The opening of retail medical clinics near hospital emergency departments does not reduce visits to the emergency departments for minor health ailments, according to a new RAND Corporation study.
There has been hope that retail clinics will help lower health care costs by diverting care from costly emergency departments to more convenient and lower-cost retail clinics, but the new findings do not support that idea.
The study examined the experiences of more than 2,000 emergency departments across 23 states over a five-year period and found the opening of retail medical clinics was not associated with any significant reduction in visits to emergency departments for 11 low-acuity ailments such as respiratory infections and ear aches. The findings are published online by Annals of Emergency Medicine.
"One hope for retail clinics was that they might divert patients from making expensive visits to the emergency department for minor conditions such as bronchitis or urinary tract infections," said Grant Martsolf, lead author of the study and a policy researcher at RAND, a nonprofit research organization. "But we found no evidence that this has been happening.
"Instead of lowering costs, retail clinics may be substituting for care in other settings such as primary care practices or spur some patients to seek care for problems they previously would have treated on their own."
Retail clinics are walk-up medical providers typically located in drug stores such as CVS and in retail chain stores such as Target and Wal-Mart. Most often care is provided by nurse practitioners rather than by physicians.
First appearing in 2000, there are now nearly 2,000 retail clinics across the United States and they receive more than 6 million patient visits annually. Visits to retail clinics are less expensive than visits to physician offices or emergency departments, both because fees are lower and fewer tests are performed.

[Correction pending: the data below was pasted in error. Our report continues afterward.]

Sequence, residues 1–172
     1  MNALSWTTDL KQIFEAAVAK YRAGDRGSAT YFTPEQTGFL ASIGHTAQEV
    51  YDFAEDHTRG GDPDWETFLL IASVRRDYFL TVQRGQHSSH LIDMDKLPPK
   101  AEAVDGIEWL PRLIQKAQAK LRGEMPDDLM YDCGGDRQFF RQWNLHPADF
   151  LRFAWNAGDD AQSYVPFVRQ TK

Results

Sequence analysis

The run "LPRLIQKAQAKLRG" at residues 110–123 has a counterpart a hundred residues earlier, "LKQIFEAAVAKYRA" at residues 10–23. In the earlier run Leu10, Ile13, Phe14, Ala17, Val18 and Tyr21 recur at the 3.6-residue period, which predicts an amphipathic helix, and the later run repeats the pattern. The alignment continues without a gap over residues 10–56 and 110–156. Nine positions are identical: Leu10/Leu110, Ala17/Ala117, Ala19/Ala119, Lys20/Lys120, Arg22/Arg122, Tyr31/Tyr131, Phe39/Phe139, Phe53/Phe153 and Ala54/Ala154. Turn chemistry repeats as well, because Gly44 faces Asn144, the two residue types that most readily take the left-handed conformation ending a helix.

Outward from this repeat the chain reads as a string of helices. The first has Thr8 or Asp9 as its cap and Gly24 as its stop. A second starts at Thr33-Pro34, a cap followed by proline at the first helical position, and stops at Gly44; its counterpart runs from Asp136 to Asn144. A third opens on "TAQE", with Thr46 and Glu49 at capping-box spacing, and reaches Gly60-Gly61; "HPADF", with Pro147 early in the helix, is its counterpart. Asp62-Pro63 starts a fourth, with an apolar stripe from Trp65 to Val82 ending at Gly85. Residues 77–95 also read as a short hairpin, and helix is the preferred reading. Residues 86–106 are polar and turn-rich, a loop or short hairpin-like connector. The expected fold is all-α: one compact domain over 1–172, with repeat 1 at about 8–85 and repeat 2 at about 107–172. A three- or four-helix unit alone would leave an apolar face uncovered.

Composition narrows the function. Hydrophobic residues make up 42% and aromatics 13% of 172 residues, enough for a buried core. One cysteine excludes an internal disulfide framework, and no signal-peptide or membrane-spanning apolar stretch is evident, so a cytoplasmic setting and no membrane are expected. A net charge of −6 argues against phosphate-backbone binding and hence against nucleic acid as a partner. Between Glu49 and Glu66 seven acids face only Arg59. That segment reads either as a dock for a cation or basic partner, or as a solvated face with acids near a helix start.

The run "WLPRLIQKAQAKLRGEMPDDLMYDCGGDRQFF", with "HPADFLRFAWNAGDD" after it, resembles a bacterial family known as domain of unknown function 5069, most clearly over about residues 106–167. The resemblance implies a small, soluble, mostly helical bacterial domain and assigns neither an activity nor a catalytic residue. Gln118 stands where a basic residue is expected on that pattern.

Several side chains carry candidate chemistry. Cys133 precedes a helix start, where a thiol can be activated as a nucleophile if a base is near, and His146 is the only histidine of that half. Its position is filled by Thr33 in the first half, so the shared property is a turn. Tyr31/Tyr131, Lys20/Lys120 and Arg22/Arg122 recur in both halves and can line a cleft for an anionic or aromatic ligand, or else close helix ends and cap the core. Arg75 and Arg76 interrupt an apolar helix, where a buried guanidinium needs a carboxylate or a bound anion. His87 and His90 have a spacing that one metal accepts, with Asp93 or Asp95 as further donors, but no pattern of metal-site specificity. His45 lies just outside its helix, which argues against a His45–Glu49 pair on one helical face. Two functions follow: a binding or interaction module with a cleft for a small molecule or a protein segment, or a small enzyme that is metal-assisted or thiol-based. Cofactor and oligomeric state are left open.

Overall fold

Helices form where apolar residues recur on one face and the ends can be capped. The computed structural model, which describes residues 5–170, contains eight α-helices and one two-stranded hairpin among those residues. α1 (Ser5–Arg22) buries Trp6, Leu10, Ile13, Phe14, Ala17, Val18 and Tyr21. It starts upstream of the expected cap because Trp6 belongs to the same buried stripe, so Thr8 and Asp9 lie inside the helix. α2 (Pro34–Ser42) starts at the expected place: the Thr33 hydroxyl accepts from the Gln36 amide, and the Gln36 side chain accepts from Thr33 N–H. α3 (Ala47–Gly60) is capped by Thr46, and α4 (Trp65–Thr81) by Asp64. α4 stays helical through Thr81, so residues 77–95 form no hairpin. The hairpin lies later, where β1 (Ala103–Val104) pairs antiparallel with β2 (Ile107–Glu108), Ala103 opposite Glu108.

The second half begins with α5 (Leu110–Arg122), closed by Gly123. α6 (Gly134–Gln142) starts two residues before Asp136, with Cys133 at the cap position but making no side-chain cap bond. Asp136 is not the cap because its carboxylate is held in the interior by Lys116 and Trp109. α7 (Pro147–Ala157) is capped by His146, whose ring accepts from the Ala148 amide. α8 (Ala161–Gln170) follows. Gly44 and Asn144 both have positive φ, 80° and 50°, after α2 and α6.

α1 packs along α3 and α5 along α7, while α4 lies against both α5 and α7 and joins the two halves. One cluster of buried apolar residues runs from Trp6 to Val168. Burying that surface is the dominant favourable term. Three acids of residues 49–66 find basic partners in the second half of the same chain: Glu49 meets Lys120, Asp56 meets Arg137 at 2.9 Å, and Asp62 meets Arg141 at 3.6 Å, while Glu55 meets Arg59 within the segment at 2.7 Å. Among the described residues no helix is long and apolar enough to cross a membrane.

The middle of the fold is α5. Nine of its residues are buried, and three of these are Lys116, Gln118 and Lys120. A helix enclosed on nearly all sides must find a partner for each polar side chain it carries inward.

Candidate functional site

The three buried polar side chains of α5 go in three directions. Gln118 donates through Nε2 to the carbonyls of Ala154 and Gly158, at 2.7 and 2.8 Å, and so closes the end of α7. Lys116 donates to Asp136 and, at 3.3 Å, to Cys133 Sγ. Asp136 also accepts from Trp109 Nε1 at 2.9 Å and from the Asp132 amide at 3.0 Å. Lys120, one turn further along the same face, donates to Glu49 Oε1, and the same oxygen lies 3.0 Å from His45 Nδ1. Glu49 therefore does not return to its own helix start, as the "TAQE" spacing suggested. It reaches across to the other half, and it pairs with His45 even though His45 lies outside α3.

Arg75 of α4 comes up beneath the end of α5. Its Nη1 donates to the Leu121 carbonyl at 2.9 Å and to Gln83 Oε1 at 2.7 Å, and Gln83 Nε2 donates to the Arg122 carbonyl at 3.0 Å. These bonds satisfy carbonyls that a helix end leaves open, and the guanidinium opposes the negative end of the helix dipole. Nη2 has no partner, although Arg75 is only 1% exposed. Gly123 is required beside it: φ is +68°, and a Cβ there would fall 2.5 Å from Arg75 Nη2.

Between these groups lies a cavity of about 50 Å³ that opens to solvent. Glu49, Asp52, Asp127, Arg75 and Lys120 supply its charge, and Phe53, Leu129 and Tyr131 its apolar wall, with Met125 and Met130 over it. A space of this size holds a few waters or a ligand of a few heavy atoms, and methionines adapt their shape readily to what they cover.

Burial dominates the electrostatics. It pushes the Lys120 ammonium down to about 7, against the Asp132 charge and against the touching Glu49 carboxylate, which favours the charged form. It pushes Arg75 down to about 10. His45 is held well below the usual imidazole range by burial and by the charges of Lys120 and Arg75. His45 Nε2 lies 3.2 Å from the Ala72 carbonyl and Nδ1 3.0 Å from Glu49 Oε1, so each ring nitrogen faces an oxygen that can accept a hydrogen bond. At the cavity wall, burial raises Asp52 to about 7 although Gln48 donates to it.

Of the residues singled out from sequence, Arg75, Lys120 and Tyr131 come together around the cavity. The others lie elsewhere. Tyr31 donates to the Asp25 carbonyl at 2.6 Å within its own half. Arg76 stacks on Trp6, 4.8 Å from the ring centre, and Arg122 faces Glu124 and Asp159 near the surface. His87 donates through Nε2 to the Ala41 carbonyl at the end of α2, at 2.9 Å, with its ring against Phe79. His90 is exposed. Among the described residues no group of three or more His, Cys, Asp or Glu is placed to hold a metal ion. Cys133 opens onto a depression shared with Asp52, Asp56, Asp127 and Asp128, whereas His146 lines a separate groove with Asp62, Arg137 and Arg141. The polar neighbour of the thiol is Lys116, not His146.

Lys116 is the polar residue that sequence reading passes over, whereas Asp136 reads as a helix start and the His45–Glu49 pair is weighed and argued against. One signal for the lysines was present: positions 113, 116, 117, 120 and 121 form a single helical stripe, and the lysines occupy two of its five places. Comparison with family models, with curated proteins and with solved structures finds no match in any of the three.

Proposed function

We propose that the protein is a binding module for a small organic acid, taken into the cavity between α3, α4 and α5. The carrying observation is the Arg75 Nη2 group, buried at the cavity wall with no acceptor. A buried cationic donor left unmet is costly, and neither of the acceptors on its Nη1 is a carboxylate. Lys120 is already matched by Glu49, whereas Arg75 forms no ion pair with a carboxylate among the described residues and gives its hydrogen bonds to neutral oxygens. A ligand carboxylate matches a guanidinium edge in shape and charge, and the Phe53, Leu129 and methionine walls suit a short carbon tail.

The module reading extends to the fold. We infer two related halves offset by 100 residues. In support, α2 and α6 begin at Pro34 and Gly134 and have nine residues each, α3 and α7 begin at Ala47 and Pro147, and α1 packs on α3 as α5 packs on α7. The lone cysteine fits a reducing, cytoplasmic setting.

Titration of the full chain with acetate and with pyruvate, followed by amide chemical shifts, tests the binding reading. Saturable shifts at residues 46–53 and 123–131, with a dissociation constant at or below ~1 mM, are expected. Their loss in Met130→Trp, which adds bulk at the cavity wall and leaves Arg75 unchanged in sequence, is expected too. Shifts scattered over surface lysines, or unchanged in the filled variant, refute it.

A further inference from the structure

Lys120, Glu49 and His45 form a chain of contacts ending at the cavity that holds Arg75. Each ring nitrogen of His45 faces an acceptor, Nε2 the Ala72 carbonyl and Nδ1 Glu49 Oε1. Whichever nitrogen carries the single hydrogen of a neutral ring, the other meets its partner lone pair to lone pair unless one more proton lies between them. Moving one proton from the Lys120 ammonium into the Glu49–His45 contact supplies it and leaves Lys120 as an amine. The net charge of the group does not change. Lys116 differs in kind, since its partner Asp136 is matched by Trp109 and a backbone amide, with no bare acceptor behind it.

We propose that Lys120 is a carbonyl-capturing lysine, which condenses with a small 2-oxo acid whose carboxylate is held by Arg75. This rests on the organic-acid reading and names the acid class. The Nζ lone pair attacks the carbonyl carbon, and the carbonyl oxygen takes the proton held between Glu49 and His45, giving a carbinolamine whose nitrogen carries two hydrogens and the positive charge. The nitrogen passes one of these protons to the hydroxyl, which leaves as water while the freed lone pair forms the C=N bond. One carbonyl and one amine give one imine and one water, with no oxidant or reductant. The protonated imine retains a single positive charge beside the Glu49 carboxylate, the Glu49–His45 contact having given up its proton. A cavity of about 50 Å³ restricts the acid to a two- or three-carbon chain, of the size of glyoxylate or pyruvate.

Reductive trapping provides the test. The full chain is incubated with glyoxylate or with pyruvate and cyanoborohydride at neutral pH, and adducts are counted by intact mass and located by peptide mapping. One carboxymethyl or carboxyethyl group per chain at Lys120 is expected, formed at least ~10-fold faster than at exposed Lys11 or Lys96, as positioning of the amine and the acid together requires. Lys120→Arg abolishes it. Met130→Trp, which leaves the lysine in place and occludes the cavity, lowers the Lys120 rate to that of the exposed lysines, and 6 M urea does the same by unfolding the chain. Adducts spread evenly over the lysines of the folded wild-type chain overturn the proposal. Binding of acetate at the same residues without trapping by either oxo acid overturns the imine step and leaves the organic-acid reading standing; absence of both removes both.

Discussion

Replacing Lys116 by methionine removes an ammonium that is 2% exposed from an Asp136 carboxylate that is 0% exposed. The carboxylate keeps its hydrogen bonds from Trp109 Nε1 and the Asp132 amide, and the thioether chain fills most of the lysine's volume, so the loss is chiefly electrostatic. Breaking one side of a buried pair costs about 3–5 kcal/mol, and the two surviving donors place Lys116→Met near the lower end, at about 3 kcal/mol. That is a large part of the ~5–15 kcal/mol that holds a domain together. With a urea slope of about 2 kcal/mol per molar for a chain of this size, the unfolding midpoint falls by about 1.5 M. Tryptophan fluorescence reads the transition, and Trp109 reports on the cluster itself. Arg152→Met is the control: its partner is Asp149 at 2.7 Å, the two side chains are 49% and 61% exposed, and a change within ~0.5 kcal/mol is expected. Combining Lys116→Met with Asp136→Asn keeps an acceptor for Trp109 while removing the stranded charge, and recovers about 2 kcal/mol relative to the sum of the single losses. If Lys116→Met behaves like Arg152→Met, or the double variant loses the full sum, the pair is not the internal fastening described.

Researchers used information from the federal Healthcare Cost and Utilization Project State Emergency Department Databases from 2006 to 2012 to combine emergency department use with information about the opening of retail clinics obtained from Merchant Medicine, a research firm that tracks trends in walk-in medicine.
Retail clinical penetration was measured as the percentage of an emergency department's catchment area that overlapped with a 10-minute drive of a retail clinic. The 11 low-acuity conditions studied are commonly seen in both retail clinics and hospital emergency departments.
Researchers generally found no connection between the opening of retail clinics and visits to emergency departments for the low-acuity conditions, even when retail clinics began opening up near emergency departments.
The exception was among people with private insurance, where an extremely small drop in use of emergency department visits was detected. Even when patient access to retail clinics increased substantially in the area served by an emergency department, the reduction in emergency department visits for these conditions among the privately insured was less than 1 percent.
"Retail clinics may emerge as an important location for medical care to meet increasing demand as more people become insured under the Affordable Care Act," said co-author Dr. Ateev Mehrotra, an associate professor at the Harvard Medical School and an adjunct researcher at the RAND Corporation. "But contrary to our expectations, we found retail clinics do not appear to be leading to meaningful reductions in low-urgency visits to hospital emergency departments."
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